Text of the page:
Golden Knights go 0-for-4 on power play, lose composure late in 4-1 loss to Oilers
For the second time in four games, the Edmonton Oilers bounced back from a Vegas win with a dominant showing to even the best-of-seven second-round series. The Vegas Golden Knights were overwhelmed from the start Wednesday night at Rogers Place and ultimately fell 4-1 in yet another lopsided battle between the two Pacific Division rivals.
The series is now tied 2-2.
Connor McDavid and Leon Draisaitl were held to three points, and the Edmonton power play finished the game 1-for-7, but it wasn't enough for the Golden Knights to take control of the series. A slow start led to a three-goal deficit, and Vegas went 0-for-3 on the power play in the second period.
Tensions boiled over late in the third, highlighted by a double-handed slash by Alex Pietrangelo on Draisaitl.
It put the finishing touches on a Vegas performance that wasn't nearly good enough, and frustration got to the Golden Knights by the end of the night.
Adin Hill finished with 29 saves on 33 shots for an .879 save percentage in his first postseason start; Stuart Skinner turned away 25 of 26 for a .962 save percentage.
The opening frame was a disaster for the Golden Knights, especially for those named Shea Theodore.
His careless stickhandling in the defensive end led directly to Edmonton's first goal, and he later took two penalties, one of which resulted in the Oilers' sixth power-play strike of the series.
But it was Vegas that got the first taste of power-play action of the game, as Ryan McLeod tripped Michael Amadio just 24 seconds into the contest. The Golden Knights had some good looks but were unable to capitalize, with Skinner coming through with some big stops.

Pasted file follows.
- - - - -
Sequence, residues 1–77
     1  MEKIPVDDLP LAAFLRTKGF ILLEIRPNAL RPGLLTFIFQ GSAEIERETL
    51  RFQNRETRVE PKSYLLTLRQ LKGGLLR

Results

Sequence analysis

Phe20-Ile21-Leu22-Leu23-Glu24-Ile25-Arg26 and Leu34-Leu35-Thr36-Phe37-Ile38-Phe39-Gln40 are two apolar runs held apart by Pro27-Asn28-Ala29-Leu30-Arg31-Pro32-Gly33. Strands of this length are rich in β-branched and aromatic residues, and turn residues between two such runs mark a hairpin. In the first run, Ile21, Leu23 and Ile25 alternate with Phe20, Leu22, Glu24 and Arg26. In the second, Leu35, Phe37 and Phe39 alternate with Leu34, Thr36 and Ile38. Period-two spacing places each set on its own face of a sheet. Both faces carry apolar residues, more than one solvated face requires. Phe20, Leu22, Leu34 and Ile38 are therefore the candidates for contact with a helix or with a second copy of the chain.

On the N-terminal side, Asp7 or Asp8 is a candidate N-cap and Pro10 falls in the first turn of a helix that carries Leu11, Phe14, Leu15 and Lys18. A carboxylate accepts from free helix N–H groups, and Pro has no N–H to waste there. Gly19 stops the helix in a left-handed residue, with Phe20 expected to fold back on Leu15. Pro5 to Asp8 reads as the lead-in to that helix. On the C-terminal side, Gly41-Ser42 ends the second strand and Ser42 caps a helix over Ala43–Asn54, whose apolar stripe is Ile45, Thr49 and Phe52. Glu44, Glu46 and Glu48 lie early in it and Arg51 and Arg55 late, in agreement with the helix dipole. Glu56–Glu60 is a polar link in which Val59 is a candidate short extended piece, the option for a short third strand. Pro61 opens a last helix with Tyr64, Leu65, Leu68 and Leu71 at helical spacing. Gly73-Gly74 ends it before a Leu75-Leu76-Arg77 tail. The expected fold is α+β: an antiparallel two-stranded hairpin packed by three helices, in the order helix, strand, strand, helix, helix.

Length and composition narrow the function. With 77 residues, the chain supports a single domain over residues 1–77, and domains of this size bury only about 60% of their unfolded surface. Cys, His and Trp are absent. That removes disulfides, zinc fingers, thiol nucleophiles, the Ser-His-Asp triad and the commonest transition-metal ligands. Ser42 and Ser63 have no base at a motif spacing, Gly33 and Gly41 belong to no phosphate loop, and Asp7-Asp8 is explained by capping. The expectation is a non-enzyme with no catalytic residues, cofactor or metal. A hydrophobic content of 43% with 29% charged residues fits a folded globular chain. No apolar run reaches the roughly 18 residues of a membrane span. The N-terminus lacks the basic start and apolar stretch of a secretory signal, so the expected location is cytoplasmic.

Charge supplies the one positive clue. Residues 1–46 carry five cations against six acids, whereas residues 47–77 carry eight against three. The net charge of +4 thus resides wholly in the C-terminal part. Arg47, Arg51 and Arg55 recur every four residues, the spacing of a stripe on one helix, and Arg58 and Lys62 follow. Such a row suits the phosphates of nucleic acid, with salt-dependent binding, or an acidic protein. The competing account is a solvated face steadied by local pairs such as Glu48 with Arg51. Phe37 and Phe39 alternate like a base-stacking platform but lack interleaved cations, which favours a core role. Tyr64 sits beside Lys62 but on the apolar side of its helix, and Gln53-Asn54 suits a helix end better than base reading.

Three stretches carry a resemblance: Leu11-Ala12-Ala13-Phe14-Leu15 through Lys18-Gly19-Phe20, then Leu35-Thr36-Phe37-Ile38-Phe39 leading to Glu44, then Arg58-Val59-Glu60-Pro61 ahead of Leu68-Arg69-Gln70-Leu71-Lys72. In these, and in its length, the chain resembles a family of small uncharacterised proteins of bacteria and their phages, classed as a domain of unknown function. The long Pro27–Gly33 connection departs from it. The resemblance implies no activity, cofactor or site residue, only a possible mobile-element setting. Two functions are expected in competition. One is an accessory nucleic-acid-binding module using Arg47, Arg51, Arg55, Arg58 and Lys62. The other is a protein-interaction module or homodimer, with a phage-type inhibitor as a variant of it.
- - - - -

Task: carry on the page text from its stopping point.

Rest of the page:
Vegas then took two undisciplined penalties in the first 7:29 of the frame.
The first came at 4:04, but the Golden Knights' new-look penalty kill, which was noticeably more aggressive, came up with its best kill of the series to hold Edmonton off the board.
However, it took less than a minute for the Oilers to open the scoring for the fourth time this series.
Theodore fumbled the puck in the defensive end, and Edmonton pounced on the turnover. Nick Bjugstad collected the loose puck behind the net and beat Hill to the far post on the wraparound at 6:46.
The Oilers doubled that lead less than a minute later after Theodore took his second minor penalty for slashing.
Evan Bouchard scored his second power-play goal of the series just nine seconds into the man-advantage to give the Oilers a 2-0 lead.